The wind was still blowing but the tower had survived the previous 6 hours so it won’t be a problem after all. I am worried much too fast about winds and my telescopic tower. It is rated for much more than this but I always wonder… As a matter of fact the wind might be a bigger problem for my low band wires, especially the dual wire 80/160 verticals Those wires might get tangled but they didn’t. I can’t remember what and how but I started running again – run run run. When the sun got up and everyone seemed to be on 10 meter already, I took breakfast downstairs with the family. Again: can’t remember what follows, I was just deep into the contest. Around lunch I noticed the wind was calming down, as predicted. By sunset it was calm again outside.

My cell phone shows a message I sent to ON3DI who informed how things were going: 3200 QSO and 3.6 meg points at 12.20 utc on Sunday. I knew that 4000 QSO would be possible with almost 12 hours to go but I also knew they would not come by themselves so I attacked the bands. Still low on mults I decided to break the magic 4000 barrier and then try to score multipliers. The plan worked, thanks to some fast runs with the USA on 10 and 15. American CW ops, you gotta love ‘m! It felt good to break my own magic limit and much to my surprise I was feeling relatively fit.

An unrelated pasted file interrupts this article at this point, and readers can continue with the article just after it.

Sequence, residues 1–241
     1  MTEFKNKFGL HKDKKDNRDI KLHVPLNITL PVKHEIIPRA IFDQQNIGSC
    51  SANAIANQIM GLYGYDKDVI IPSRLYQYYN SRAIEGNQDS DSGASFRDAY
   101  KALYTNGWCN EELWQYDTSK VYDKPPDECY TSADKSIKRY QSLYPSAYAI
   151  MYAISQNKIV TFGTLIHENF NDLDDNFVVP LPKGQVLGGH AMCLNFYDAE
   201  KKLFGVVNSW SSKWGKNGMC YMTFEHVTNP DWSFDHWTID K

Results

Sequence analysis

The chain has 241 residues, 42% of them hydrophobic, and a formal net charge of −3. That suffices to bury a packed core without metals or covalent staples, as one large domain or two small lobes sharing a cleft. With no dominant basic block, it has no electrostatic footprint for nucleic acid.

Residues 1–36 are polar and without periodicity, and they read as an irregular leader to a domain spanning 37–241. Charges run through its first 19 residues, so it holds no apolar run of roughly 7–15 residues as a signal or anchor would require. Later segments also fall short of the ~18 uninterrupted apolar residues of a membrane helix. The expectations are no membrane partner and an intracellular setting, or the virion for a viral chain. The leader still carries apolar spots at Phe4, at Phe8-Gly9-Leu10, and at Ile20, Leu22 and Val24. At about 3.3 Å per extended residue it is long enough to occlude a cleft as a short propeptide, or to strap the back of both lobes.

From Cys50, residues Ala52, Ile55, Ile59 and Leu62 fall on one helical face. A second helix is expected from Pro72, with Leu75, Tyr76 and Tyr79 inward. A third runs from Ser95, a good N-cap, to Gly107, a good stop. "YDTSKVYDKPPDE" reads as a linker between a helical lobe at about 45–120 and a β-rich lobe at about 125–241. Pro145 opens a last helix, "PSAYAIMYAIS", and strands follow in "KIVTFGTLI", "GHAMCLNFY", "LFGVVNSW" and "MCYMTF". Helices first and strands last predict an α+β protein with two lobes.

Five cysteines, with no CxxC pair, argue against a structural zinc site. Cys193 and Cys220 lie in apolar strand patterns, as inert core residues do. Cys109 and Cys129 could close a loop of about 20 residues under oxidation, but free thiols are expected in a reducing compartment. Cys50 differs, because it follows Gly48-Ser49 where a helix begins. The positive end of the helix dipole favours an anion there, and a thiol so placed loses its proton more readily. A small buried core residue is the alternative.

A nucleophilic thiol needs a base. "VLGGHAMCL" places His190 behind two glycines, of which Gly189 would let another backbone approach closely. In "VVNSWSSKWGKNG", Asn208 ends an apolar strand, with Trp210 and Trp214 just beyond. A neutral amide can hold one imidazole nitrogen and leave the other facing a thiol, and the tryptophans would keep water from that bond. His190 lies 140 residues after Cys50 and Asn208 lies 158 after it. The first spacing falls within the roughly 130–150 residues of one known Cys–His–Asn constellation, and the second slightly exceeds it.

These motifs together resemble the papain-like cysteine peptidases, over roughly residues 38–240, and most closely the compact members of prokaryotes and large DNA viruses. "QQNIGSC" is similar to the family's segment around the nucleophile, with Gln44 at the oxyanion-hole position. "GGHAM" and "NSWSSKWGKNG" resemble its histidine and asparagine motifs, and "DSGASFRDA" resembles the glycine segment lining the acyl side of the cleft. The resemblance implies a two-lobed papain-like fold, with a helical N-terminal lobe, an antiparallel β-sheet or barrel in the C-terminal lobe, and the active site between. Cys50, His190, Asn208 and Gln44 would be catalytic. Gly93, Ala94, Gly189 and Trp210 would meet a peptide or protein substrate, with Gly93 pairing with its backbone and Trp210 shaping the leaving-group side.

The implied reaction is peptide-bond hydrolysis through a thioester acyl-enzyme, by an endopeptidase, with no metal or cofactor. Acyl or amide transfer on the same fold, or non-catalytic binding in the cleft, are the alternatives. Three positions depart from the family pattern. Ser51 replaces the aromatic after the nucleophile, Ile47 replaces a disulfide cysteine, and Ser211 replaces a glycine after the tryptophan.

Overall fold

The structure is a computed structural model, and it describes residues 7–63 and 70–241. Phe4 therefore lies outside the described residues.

I had many QSO with familiar calls and people I’ve come to know in the contesting scene. The biggest surprise was being called by a loud K3WWP on 15m. John and I have QSO’ed before but it was a long time ago. He operates strictly CW QRP with modest wire antennas. He does a great job and I consider him the living proof that QRP and CW is a working combination. But the sun has not been favoring his operating style when it comes to transatlantic DX. I had been thinking that with the recent rise in SFI and improved propagation, John and I might bump into each other again and there you go.

The afternoon strategy was simple: skim a band for mults first, then run it dry and reskim for mults before leaving. That worked for 10m and 15m. When it was time to hit 20, that band was in poor shape. It was very noisy and the signals were weak. Soon I found myself on 40 which was actually a relief for my ears. But things didn’t move anymore so I went to 160 to stay there. I had only 100 QSO so the chance for improved rate and some EU mults was pretty high on Top Band. In the mean time I took all I could on 40 with barefoot radio 2. This way I worked 8P5A, B1C, TO3A, ST2AR, OE4A, V26K, ED9M, ZF1A for multipliers and another bunch of other stations for the QSO points.

I was glad to switch everything off and go to bed. I slept like a log and felt like crap this morning when the alarm rang. I’m quite happy with the numbers… Will I do better next year?